agency finds the work and places the worker with a suitable client.

It is for these reasons I am saying Upwork cannot have it both ways. It is
either a conduit where self-employed freelancers can find clients or is an
employment agency that should, therefore, employ freelancers, or a
recruitment agency where the employer should be the fee payer.

I see. 

How is it like an employer charging an applicant when Upwork is not the employer/client? It's more like the postal service charging you to overnight mail an application.

Exactly right.

As you point out it is all about PROFIT and shareholders and Upwork Directors making money.  Have a look here to see what Freelancers are funding: https://www.salary.com/tools/executive-compensation-calculator/upwork-inc-executive-salaries?year=20...

While the 8 + million includes insurance, and other benefits, it is a huge number, but it doesn't surprise me. Many CEOs make obscene amounts of money. I'm not tilting at that windmill. I pick my battles, and attempting to get CEOs to accept a reasonable salary is not one of them.

kellen16
Community Member

As a freelancer, I can't tell you how much I dislike this feature! I think Upwork introduced it just to earn money from freelancers buying more and more connects. It is purely to benefit UW's bottom line, not the client or the freelancer.

Why are they promoting boosting as a brand new feature? It's a carbon copy of what already existed.

They aren't. They are promoting profile boosting, which is a different feature.

They are promoting anything that results in Freelancers wasting connects so that they earn more money from freelancers who have to purchase more connects to apply for jobs that don't even exist.

kim_wong
Community Member

Jeremiah well well-thought-out and thorough response. 

 

I disagree with something you mentioned.  I think Upwork’s primary business model WAS the derivation of profit and revenue from clientele HIRING freelancers.  Now, its business model seems more skewed to CONNECTING clientele to freelancers.  The introduction of the purchase of Connects to boost profiles and job applications has injected another, perhaps more potentially lucrative and consistent source of profit and revenue.  It used to be that not until a client hired a freelancer that Upwork would begin to generate its core revenue.  Now, with Connects, any freelancer, experienced or unexperienced, qualified, or unqualified, is a revenue source for Upwork.  The actual hiring and the revenue that comes from their share of the payment is still there but there is now the added motivation to onboard as many job applicants as possible without any regard to what is best for the client. 

 

The number of applicants for each job seems to have jumped immensely.  Application views have declined (from personal experience).  Job invitations are going extinct.

 

I would think that a platform matching clients with freelancers would jump over backwards to ensure an outstanding client experience.  Pinning boosted profiles to the top of the client’s Proposal Manager and boosting job applications without ensuring that the profile is qualified and matched to their requirements make the vetting process more difficult for clients.  From the client’s perspective, seeing profiles pinned to the top that do not meet their job requirements may do more harm than good.  Does Upwork want these boosted profiles to represent what the client might perceive as Upwork’s hand-selected and approved freelancer recommendations?  Clients may not understand that freelancers paid to have their profiles boosted but rather, they are freelancers chosen by Upwork to be best suited to their job.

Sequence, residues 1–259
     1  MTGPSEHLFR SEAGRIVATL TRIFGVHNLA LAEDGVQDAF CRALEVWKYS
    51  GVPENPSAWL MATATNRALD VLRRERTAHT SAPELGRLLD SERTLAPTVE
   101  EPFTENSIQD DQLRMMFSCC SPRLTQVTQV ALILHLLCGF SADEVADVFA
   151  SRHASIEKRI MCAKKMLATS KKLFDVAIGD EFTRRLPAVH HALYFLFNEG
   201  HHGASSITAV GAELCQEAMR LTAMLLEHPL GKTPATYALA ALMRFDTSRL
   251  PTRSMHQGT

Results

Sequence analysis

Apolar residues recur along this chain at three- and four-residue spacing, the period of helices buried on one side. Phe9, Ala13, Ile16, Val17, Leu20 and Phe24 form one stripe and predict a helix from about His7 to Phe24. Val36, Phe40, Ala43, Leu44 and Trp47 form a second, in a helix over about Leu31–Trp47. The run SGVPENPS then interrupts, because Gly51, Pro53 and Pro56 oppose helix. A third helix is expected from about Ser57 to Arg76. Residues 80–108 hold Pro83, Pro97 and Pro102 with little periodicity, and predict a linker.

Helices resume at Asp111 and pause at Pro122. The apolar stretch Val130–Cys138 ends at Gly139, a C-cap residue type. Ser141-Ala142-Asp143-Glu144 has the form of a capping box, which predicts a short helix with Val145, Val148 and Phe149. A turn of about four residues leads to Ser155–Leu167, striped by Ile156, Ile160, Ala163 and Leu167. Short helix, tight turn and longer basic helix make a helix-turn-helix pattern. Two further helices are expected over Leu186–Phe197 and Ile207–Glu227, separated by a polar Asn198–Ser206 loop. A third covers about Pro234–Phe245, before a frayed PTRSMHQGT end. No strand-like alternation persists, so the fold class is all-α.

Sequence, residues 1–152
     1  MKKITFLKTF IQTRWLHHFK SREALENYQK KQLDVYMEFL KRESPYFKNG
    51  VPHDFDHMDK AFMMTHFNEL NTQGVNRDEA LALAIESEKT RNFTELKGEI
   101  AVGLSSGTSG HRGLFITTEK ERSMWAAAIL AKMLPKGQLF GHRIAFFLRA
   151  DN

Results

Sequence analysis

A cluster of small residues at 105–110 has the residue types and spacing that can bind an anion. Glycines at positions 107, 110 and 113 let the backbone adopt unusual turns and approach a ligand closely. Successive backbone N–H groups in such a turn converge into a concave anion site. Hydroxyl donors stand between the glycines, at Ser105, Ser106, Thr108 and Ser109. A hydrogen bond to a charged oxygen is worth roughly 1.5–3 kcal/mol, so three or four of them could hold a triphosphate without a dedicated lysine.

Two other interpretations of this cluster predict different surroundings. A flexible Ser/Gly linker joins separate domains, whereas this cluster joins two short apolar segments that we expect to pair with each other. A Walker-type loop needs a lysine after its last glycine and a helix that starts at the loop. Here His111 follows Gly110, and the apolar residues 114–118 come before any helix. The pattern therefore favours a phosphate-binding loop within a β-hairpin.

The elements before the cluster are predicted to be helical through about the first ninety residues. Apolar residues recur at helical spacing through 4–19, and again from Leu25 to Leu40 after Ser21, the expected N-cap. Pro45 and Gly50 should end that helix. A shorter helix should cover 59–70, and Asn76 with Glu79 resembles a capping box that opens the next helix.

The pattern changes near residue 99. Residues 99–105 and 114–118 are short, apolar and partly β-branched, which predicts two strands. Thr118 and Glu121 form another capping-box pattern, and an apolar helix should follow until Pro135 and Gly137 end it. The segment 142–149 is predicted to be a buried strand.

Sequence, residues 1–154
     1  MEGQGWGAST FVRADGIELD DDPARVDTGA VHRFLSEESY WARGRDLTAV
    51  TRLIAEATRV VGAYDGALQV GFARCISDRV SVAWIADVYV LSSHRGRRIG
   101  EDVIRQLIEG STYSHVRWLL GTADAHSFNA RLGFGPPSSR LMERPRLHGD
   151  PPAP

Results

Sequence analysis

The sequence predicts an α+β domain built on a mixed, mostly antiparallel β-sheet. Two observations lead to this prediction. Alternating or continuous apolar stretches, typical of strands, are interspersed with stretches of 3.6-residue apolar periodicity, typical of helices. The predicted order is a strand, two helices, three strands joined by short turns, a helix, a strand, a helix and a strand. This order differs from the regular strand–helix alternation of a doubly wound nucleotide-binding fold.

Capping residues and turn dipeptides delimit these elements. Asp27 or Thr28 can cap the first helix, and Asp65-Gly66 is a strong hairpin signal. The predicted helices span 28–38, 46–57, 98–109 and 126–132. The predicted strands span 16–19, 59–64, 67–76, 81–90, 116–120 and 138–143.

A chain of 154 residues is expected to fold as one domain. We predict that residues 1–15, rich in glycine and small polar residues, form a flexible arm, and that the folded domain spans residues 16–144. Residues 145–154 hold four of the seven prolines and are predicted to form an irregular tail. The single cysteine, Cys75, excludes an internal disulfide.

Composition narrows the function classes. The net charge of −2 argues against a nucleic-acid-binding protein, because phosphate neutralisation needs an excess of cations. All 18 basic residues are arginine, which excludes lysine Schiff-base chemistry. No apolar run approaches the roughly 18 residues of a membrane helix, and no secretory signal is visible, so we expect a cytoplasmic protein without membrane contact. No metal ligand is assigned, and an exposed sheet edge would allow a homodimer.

Anything that can lead to client frustration, a more difficult vetting and hiring process, and a sense that Upwork is not truly interested in helping them find the right candidate does not bode well for the future of the platform.

Lucrative but not consistent. It lead to fail. You can provide service not so expensive but consistent. Or can scam someone once, it is profitable but single incoming.

Yes, that was their business model. And it consistently lost them money for 7 years--millions of dollars/month. 

 

They introduced this stuff everyone hates, and now they're profitable for the first time ever.

So you effectively admit that the current business model has nothing to do with the "better" payment structure and all the other comments made but purely to enable making a profit at the freelancer's expense. 

 

Why not be honest and say that when introducing the new format instead of dressing it up as improved service or any of the other excuses that have been given?

1cac6772
Community Member

I used to make over 100k on Upwork and was Top Rated Plus. As soon as "boosted" proposals came out, my work completely stopped. I went from having anywhere from 5-10 clients per month to zero. My weeky profile views went to zero. I was paying Upwork close 2k-4k per month just in commissions. Now I pay them nothing as I get zero jobs. I personally know that I'm not the only one that has experienced this. If you read the Upwork forums, everyone is complaining about this. Yet, Upwork does not seem to care. Their reputation has been tarnished as clients and freelancers have left in droves and Upwork has become just another Fiver. Their algorithm is completey broke. What they've done is taken Googles model of PPC where they only reward the people who pay for clicks. The problem is you have no idea what to bid or if you're even going to get clicks. I'm starting to wonder if Upwork even has legitimate job posts anymore. Every now and then I'll see what looks like a good job and it will have 50+ invites. I love how Upwork doesn't give you an exact number of people who applied. For example, why just list 50+ instead of the actual number? It's because they know it will discourage more applicants. 50 is already way too many and the chance of landing the job is slim. If it's say 200-300......you have no chance of landing that job. Also how many of these job posts are even real? When I do apply, I don't even get a follow up or response. It makes you wonder if these posts are even real. I will be leaving Upwork for good as it is no longer a viable source of jobs.